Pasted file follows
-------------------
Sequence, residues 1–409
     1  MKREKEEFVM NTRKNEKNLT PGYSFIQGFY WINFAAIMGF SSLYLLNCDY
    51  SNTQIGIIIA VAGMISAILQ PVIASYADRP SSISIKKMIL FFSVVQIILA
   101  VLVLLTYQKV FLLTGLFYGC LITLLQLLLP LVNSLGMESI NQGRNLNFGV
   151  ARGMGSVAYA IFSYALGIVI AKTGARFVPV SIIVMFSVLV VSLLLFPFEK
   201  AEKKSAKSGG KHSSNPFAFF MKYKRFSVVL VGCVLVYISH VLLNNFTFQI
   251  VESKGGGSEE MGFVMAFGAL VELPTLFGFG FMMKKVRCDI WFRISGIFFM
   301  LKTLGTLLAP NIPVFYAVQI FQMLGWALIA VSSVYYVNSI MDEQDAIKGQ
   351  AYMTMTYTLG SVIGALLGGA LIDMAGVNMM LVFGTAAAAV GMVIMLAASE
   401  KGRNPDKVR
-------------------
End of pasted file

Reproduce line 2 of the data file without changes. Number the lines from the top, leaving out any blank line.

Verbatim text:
     1  MKREKEEFVM NTRKNEKNLT PGYSFIQGFY WINFAAIMGF SSLYLLNCDY